London Jeweler Simon Costin Cashes in on Creature Corpses with His Beastly Baubles

updated 08/18/1986 AT 01:00 AM EDT

originally published 08/18/1986 AT 01:00 AM EDT

Not far from the drop-dead diamonds in New York's elegant Bergdorf Goodman, a different sort of glistening bauble stares vacantly at shocked shoppers: a gold-plated, rhinestone-studded pin made from, of all things, a fish head. In London painted rabbit skulls pop out of men's lapels, and refined hostesses are clawed at the neck by black turkey talons dripping with blood-red rhinestones.

These macabre designs are the handiwork of London jeweler Simon Costin, 24, whose hot collection just happens to be made from such memento mori as beetle scales, deer antlers, bird skulls, boa constrictor skins and the occasional scorpion corpse. "People see something glittering and then discover it's skin or bone," says Costin. "Half of their reaction is fascination, and the other half is, well, fright." Simon's reaction is pure delight: His jewelry sells for up to $4,500 and has attracted no less a personality than Barbra Streisand. In her 1985 Emotion video, the singer wore an old fox stole that Costin decorated with a crystalline rabbit head and jeweled tears. She rejected, however, his piranha tiara. "It was a bit much," admits Costin.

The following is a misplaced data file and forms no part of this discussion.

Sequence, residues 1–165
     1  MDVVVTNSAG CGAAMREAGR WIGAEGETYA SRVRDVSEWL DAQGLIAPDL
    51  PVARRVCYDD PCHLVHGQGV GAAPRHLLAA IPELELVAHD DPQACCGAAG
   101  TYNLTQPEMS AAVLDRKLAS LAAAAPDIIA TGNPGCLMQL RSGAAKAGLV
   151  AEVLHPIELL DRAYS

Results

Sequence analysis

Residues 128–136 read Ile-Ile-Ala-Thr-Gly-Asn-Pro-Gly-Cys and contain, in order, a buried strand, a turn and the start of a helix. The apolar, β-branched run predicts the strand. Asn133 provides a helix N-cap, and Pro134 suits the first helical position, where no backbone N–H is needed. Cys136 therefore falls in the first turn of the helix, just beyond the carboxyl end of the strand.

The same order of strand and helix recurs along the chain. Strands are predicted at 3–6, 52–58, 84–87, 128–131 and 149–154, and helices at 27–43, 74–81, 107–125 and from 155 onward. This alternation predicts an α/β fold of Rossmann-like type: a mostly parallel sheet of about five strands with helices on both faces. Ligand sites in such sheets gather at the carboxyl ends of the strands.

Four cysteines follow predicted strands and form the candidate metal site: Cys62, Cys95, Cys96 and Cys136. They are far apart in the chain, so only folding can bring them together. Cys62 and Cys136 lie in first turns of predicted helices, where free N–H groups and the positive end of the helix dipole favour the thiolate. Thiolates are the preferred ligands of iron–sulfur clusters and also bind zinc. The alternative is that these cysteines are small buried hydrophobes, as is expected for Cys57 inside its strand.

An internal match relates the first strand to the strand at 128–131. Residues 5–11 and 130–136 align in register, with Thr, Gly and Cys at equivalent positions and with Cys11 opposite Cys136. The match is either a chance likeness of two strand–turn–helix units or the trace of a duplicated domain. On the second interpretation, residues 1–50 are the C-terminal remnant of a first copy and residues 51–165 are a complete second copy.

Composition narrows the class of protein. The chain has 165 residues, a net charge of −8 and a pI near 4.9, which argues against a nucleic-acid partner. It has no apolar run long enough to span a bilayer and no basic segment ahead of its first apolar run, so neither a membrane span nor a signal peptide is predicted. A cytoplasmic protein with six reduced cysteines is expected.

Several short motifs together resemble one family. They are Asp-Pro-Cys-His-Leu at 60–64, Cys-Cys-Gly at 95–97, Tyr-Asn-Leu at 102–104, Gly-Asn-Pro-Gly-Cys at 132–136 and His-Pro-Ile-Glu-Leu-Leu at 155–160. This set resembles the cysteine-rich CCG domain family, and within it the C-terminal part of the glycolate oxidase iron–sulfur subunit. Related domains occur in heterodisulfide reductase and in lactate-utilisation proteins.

The son of a retired engineer and a housewife, cheerful Costin is not far from the ghoul one might imagine. "Some boys liked Westerns," he says. "I liked seeing things being preserved." A natural history buff, he dabbled in taxidermy as a youth. With a fine arts degree in tow, he merged his love of animals with his love of art last year, when he began tinkering with a fish head and wound up with a brooch. Then a buyer from fashionable Liberty of London spotted him wearing a rabbit skull and asked, "Are there any more like that at home?"

There were, and Costin, who works in a cluttered room in his parents' Forest Gate home, started designing for pay. Don't worry, his creature parts come dead on arrival. He gets some courtesy of the London Zoo, his rabbit bones from a friend and his fish heads from fishmongers—except for the really large ones, which are a gift from Harrods. Like any artist, Costin must defend his work. Not long ago, he was confronted by a nun who called his black hare head lapel pin "the devil's work." Counters Costin: "I am not death obsessed...I preserve lovely things that would otherwise rot and disappear."

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